Through the 1970s and 1980s, rooming houses came to be associated with politically triggering shorthand — “flop houses,” “skid row,” and the moral panic about the proliferation of “bachelorettes” in south Parkdale. The media dutifully covered the steady stream of rooming house fire stories and the inevitable deaths of poor tenants. But the political take-away from this sensational coverage was exactly backwards: instead of improving conditions through licensing regulations, municipal politicians outside the core found creative ways to block this kind of housing.
What’s more, the media characterization glossed over the reality that countless Torontonians have lived in shared houses for various durations, motivations, and life circumstances without incident, specifically because they were an affordable form of housing.
In a pair of fairly recent studies for the University of Toronto’s Cities Centre (here and here), Campsie unpacked the exquisite political complexity of earlier efforts to legalize multi-unit dwellings across the amalgamated city — a tale that consists of endless definitional permutations, strenuous discussions of minutiae like parking regulations, consultations held and later ignored.
Her analysis stresses a point that rooming house foes have always chosen to ignore, which is that the Mike Harris government’s decision to gut tenant protection laws and kill affordable housing programs drove demand for multi-tenant housing, as did other factors, like the dearth of student housing on the campuses of the city’s colleges and universities.
“Rooming houses, whether licensed or unlicensed, present an important question of human rights,” she noted in a 2018 paper published ahead of one reform effort. “On the one hand, the current licensing regime, where it is in force, gives homeowners considerable control over the lives of renters in their neighbourhoods. On the other hand, the lack of licensing in some parts of the city creates spatial inequities: shared housing in such areas is not subject to safety inspections. Resolving these issues will not be easy.”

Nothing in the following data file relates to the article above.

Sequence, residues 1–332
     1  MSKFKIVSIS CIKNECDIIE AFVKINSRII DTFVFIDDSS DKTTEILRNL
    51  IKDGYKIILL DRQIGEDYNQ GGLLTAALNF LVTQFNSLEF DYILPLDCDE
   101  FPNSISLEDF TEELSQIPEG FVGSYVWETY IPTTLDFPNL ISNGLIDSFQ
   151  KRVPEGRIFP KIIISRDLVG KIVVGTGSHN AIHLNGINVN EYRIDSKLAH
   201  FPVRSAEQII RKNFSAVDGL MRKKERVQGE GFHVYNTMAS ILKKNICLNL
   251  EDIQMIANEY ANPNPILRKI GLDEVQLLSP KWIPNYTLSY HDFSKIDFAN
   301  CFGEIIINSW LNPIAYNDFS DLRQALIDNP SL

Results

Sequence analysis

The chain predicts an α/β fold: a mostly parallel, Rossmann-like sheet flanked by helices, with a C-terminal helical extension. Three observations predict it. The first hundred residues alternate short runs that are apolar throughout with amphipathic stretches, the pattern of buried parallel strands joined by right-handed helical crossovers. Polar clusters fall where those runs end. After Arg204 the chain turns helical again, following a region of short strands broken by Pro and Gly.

Campsie also pointed out the grandest and most pungent irony of all, which is that Ontario planning law has long been premised on the principle that zoning and land use policies regulate form, not tenure. Except, it seems, when it came to places where unrelated adults were sharing bathrooms and kitchens. In those instances, we blithely regulated people.
Which brings me to last week’s council meeting. The current political context was crucial, of course: during and after the election, Tory promised to crank up housing production, and convinced the provincial Tories to give him anti-democratic powers to get it done. As the old saying goes, you have to break a few eggs to make an omelette.
There was a critical step that preceded last week’s rooming house debate, although its significance didn’t strike me until after the fact. Amidst the bloviating about Bill 39 and the mayor’s new super-powers, 15 councillors from all points on the political spectrum signed a letter saying they opposed minority rule. Perks himself wrote to Tory demanding a debate on the use of these powers. With the benefit of hindsight, those letters sent a clear message to the mayor: don’t assume you can rely on a rump of left-leaning councillors to deliver the politically contentious aspects of your housing agenda.
Tory was being put on notice: if he wanted reform, he was going to have to lean in and get it done in the old-fashioned way, which was through persuasion rather than fiat.
During last week’s rooming house debate, Perks and deputy mayor Jennifer McKelvie orchestrated the compromise that got the bylaw across the finish line — a rider about parking minimums for new multi-tenant dwellings in the inner suburbs where they’d been banned.
In his speech, Perks name checked several suburban councillors who had publicly advocated an end to the ban. Council’s left and right met in the middle — a compromise achieved not with the phoney legislative muscle provided by Bill 39, but through the art of the deal.
The trade-off, notably, puts the city back in the business of regulating form, however imperfectly, rather than tenure — which is the bedrock principle of Ontario planning law. And, more importantly, it begins to remove the stigma, cruelty and precarity that our housing crisis inflicts on tens of thousands of Torontonians.
I don’t know if Tory — who is arguably one of Canada’s most accomplished political coasters — grasped the gravity of what happened. Not just an historic decision about who gets to live in the city, but a vote showing Tory that local democracy can still work, in spite of his best efforts to wreck it. Perks handed the mayor a Christmas present for the ages. I hope someday he will return it in kind.